Secondly, let’s talk about the components of good sex education. Well, of course the physical component is important. A good sex education starts with knowing the different names and purposes for various parts of male and female genitalia and beyond. This goes along with an honest scientific-based conversation about periods, wet dreams, and all that jazz (and jizz), too.

Then, of course, it’s important to talk about protection, from both unwanted pregnancies (this would then lead to a conversation on HOW people get pregnant) and sexually transmitted illnesses/diseases. This can be terrifying to the people listening but it’s a good thing to factor into the conversation since pregnancy and diseases can happen. However, when you also offer people empowering choices about contraception and protection, they tend to make informed choices about sexuality.

After the scary conversations, and probably even before then, what people want to know most of all is about sexual feelings. Why does it feel good when I touch myself? Is it okay to touch myself? Why does my heart start beating really fast when s/he’s around?

And then there’s the physical stuff… Like, how do I give a good blow job? Is it gross to give/receive oral sex? How do I ask him to go down on me? How do I know/tell them what feels good? Does it hurt the first time? What should I expect? Will I orgasm the first time I have sex? How will I know when I have an orgasm? Worse, what if I can’t?

All this and more are the types of questions that teens really want answers to. Hell, even adults want answers to these questions. But, what happens on the answering end of this spectrum? Some of these questions get personal for the teacher/leader of the class, too.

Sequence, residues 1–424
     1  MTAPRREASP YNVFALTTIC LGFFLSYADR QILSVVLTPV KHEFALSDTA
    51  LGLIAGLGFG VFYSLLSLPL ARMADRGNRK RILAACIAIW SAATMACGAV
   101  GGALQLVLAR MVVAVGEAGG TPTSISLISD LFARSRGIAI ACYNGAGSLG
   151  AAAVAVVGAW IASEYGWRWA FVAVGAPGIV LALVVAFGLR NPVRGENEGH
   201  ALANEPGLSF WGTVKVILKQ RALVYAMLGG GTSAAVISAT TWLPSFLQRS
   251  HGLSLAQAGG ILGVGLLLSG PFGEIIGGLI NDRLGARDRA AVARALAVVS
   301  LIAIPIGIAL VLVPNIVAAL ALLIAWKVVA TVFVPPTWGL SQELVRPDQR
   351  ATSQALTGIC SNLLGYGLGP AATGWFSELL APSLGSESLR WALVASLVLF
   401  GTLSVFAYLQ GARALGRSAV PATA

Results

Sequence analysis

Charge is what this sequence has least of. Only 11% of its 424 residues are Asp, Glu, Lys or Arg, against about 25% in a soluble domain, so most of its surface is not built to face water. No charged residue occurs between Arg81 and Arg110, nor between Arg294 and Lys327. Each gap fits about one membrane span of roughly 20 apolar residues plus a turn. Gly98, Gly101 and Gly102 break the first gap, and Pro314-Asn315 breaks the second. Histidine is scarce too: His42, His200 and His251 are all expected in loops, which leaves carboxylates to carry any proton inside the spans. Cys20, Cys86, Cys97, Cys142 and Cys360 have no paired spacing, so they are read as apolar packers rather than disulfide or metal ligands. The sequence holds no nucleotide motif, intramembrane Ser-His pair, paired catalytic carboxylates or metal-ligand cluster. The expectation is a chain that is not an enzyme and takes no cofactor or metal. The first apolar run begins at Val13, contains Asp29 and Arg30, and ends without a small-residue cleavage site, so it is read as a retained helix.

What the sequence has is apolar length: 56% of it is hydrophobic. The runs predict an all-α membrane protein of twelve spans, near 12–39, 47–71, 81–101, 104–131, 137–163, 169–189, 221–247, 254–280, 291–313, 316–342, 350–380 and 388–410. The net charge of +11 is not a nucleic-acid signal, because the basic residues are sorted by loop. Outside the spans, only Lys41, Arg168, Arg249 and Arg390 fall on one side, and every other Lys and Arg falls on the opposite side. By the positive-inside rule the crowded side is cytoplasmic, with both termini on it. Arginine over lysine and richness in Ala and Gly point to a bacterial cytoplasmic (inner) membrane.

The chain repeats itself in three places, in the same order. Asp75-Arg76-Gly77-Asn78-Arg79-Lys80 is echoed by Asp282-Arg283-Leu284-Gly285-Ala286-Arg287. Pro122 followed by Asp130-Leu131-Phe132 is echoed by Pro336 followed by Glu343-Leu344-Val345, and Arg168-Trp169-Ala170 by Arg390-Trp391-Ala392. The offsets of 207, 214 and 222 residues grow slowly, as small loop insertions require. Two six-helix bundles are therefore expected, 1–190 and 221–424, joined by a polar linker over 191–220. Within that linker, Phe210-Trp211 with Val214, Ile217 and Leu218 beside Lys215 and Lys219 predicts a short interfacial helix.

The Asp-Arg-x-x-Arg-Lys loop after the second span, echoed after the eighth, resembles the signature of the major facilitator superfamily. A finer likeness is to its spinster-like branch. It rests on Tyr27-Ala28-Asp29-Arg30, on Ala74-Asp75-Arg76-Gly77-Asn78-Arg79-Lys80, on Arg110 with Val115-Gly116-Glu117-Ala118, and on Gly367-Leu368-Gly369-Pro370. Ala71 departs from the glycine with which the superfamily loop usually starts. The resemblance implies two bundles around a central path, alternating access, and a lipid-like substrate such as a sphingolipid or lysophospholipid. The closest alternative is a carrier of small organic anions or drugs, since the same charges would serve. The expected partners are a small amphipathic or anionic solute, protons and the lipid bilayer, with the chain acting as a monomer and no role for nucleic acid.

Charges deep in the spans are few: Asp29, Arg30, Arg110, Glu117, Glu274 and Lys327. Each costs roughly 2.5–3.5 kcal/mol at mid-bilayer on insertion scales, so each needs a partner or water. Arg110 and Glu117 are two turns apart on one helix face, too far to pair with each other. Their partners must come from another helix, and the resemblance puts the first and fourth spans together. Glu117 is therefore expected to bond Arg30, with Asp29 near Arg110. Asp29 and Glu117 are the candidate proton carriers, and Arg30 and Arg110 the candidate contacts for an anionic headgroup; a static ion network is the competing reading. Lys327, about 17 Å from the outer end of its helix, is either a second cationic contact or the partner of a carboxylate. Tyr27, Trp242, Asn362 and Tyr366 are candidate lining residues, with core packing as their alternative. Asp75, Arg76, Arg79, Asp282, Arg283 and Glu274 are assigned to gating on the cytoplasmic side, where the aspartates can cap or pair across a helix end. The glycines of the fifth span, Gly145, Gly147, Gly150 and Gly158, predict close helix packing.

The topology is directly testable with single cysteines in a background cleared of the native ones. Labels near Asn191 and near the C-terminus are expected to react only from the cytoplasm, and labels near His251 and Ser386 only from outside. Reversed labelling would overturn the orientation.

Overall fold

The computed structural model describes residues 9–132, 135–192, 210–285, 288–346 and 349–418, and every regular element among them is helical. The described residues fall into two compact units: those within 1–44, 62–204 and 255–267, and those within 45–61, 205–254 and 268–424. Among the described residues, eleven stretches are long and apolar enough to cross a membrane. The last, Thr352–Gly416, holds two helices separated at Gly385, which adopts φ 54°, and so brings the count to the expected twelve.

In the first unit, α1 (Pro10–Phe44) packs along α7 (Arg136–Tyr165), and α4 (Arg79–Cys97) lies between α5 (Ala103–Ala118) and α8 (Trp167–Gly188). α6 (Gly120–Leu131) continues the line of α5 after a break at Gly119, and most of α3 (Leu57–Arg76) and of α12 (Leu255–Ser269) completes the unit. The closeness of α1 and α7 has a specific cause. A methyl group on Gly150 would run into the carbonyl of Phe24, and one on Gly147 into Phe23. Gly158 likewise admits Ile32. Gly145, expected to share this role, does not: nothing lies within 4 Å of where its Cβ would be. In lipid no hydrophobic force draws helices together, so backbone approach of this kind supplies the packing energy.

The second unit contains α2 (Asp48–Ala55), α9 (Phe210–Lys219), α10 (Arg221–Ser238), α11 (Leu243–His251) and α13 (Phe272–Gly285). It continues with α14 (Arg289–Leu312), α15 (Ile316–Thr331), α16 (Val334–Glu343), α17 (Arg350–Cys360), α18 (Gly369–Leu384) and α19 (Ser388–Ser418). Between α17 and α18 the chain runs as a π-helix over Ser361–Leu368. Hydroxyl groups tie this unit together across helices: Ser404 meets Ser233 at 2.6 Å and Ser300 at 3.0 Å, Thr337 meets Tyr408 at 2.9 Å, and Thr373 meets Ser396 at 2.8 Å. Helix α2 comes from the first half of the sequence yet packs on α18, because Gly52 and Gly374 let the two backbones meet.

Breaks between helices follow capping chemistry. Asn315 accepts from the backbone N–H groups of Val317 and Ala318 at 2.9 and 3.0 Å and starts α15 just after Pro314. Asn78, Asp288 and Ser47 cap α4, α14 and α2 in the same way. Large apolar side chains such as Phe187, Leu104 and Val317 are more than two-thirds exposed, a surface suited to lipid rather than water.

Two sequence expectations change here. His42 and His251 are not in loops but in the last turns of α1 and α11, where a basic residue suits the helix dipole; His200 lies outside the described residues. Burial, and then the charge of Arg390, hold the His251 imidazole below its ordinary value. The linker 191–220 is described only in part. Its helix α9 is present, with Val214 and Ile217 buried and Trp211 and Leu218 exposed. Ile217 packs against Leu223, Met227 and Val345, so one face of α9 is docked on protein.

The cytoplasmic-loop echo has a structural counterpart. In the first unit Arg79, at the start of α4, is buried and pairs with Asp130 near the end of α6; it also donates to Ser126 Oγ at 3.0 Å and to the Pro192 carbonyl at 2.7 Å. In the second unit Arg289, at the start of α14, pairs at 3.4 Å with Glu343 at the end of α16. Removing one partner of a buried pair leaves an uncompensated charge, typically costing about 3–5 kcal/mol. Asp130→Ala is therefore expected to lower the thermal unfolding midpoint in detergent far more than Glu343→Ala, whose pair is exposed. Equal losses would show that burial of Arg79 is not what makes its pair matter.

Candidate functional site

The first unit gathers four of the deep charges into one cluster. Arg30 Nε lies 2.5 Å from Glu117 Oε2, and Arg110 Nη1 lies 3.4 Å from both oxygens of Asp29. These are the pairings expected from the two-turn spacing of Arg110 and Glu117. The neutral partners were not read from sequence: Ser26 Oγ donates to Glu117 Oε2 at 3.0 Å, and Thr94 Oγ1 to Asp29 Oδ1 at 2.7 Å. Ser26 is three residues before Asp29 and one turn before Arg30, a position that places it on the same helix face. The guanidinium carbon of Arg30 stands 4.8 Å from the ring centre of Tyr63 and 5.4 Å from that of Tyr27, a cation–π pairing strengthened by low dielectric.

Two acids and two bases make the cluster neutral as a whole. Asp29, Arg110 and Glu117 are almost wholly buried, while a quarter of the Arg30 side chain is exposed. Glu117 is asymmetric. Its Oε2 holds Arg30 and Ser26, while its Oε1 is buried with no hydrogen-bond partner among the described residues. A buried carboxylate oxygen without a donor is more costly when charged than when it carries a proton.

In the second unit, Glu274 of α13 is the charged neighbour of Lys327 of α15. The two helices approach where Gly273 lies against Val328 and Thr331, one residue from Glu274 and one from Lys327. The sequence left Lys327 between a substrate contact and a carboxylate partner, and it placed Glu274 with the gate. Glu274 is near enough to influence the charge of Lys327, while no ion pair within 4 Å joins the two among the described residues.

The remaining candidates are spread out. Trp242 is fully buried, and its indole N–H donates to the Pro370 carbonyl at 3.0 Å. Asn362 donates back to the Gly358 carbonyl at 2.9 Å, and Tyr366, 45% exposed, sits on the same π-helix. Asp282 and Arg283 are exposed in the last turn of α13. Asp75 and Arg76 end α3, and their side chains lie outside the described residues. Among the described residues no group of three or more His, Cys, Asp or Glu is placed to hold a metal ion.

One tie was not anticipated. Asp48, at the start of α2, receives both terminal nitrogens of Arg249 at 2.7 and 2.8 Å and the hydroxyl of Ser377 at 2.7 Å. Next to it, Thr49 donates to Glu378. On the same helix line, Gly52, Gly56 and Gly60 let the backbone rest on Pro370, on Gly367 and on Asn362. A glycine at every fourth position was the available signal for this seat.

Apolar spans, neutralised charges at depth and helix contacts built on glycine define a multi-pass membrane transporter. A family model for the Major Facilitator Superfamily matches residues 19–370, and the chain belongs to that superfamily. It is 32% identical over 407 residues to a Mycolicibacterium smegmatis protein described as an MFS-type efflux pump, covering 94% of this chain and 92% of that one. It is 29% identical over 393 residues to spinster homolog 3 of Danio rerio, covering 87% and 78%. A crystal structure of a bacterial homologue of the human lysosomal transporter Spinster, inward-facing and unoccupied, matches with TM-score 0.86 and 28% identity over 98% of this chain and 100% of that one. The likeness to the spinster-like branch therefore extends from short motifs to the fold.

The truth of the matter is that if you are uncomfortable talking and thinking about these topics yourself, then you’re unlikely to be comfortable answering them in a classroom setting. Again, this is where sex positivity comes in. Sex positivity comes in and encourages people to continue learning about their own sexuality and their growing sexual responses.

This is where the problematic nature of the sex discussion on a cultural level comes into play. If the sex education that we see in K-12 education is to change into something more sex positive, then that means that the discourse about human sexuality (in all its forms) must change on a cultural level into something that’s more sex positive.

And if a change is to happen on a cultural level, then that means a demand for something different, something better and more positive must happen. Luckily, that’s already started happening. Some teachers are already opting in to speak honestly about sex. Parents are opting to take their kids out of sex education because of state policies on abstinence only education. The Daily Show showcased a recent segment on kids demanding sex education that actually answered their questions. Celebrities like Lorde, Beyonce, and Lena Dunham are also publically sex positive (a blessing for a generation that lives and breathes social media). 

Unfortunately, we still have a ways to go, but you can do some things to be more sex positive. In the mean time, I encourage you to keep educating yourself. Don’t be afraid to ask questions. Encourage more open dialogue with friends. By opening up to others, we invite conversations and in a sex positive environment, we’re sure to want to share and pass along the information.